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Overcapacity within education staffing structures is one area where vital costs savings can be made.

However, restructuring can be met with significant opposition from staff and unions and negatively impact on morale.

Preparation is key

Once you have announced a proposed restructure, employees and their unions are likely to have lots of questions. If the proposed restructure will result in redundancies, you will need to be in a position to terminate employment fairly by establishing that there is a genuine redundancy situation. Before starting consultation, it’s, therefore, a good idea to put together a detailed plan, including the following:

  • The reasons why the school needs to restructure;
  • Which groups of staff will be affected;
  • What the staffing structure looks like before and after the change;
  • How the restructure will be carried out; and
  • A proposed time frame.

The process of developing this plan should also address that there is a genuine need for a restructure and that this is not just a knee-jerk reaction to a short-term problem.

Something else to bear in mind when looking at potential savings is whether there is likely to be any safeguarding of pay once you have made the proposed changes. In some circumstances, safeguarding can last for up to three years, so, for some staff, the potential wage savings may take some time to ease your bottom line.

Once this plan is complete, you can also use this to help governors who will need to approve a proposal to change the staffing structure.

Do you need to collectively consult?

Collective consultation is the process of consulting with representatives of employees who are likely to be affected by the restructure. Where your school recognises one or more unions, this will be with representatives from those unions.

The duty to collectively consult arises where an employer proposes to dismiss as redundant 20 or more employees within 30 days. For these purposes, the term ‘redundant’ has a broad meaning. As well as applying to any employees who are likely to lose their job, it will also include those whose jobs may be changed as a result of the restructure.

Where there is a duty to collectively consult, you must wait 30 calendar days (or 45 days where 100 or more employees may be affected) before any dismissal or change takes place.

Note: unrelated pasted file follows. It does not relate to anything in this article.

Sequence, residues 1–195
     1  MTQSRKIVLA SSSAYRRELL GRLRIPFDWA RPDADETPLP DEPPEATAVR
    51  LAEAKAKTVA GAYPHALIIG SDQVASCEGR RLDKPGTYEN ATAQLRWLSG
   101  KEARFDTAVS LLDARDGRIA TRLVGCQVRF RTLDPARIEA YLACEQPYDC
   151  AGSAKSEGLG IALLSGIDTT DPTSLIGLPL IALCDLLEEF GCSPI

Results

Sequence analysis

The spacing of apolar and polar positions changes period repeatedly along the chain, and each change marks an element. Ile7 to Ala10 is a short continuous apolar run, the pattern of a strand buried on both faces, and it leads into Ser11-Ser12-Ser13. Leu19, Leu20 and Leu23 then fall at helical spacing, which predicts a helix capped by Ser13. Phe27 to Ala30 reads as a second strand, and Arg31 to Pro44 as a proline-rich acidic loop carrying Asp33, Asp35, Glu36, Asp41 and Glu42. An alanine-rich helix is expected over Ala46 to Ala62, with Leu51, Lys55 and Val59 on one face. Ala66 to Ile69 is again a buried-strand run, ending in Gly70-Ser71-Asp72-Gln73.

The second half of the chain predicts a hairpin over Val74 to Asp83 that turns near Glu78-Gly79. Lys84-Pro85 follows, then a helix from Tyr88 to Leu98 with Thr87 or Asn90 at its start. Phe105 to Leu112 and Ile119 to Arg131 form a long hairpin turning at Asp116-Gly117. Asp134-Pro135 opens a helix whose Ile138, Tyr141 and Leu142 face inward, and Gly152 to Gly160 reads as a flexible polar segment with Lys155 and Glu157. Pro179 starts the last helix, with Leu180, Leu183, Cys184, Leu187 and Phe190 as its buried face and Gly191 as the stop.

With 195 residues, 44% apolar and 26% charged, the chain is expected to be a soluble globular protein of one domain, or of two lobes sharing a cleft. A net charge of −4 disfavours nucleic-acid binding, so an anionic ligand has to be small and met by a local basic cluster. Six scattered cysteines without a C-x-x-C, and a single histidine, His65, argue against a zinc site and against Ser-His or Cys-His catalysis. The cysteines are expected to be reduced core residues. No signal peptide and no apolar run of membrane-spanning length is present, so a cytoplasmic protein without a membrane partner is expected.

Where fewer than 20 employees are likely to be affected, you should still check your own restructure policies for additional requirements in relation to consultation.

Collective consultation with unions or other employee representatives will not replace the requirement to consult individually with employees.

Consider voluntary redundancies

To reduce the number of compulsory redundancies, you may wish to consider inviting staff to apply for voluntary redundancy. The advantages to this are that voluntary redundancies are likely to have a less negative impact on morale among remaining staff and remove the need to go through a full redundancy process. However, there is a risk that you may lose members of staff that had significant experience and skills that you would have preferred to retain.

If staff are invited to volunteer, you should ensure that any applications for voluntary redundancy are made subject to acceptance by the school, and reserve the right to refuse any application in the event that it does not fit with the school’s needs.

How long will it take?

Once your school has decided to go ahead with a restructure, you’ll often be keen to get it done. However, there are several factors which could impact how long it may take:

  1. The consultation period (see above): where collective consultation is required, this could add up to an additional 45 days to the process.
  2. Timing of governors meetings: these are often scheduled several months in advance. Waiting until the next full scheduled meeting before a decision can be made could cause a significant delay. You may consider asking governors for more flexibility to attend meetings at short notice and/or delegating some decision making to a subcommittee set up for that purpose.
  3. School holidays: the majority of school staff are not contractually obliged to attend work during school closure periods. Therefore, it’s not possible to meet with staff (unless they agree) to progress the restructure during those times.
  4. Notice periods: if a restructure results in redundancies or changes to job roles, those affected will be entitled to a notice period. The length will depend on the contract of employment and length of service but maybe up to three months. For teachers, it’s also important to note that under the Burgundy Book terms and conditions, there are only three days in a year when notice can be given: 31 October, 28/29 February and 31 May.

Our advice for calculating the likely time frames for a restructuring exercise would be to start from the date you would want to implement the new structure and work back from there, incorporating all the necessary stages and to ensure that the process starts in good time.

Stay in control

Once you have announced a restructure and consultation begins, it can be challenging to stay in control of the process, especially if this is your first school restructure. Your head may feel bombarded by questions from staff and unions who may also want additional time to consider the information given to them. And where the process has been timed to hit a particular termination date, even a slight delay could result in significantly higher notice payments than you had originally anticipated.

To avoid the process being derailed in this way, as well as anticipating potential issues at the planning stage, you should ensure that requests for further information are considered and dealt with promptly and not left until the end of the consultation period.



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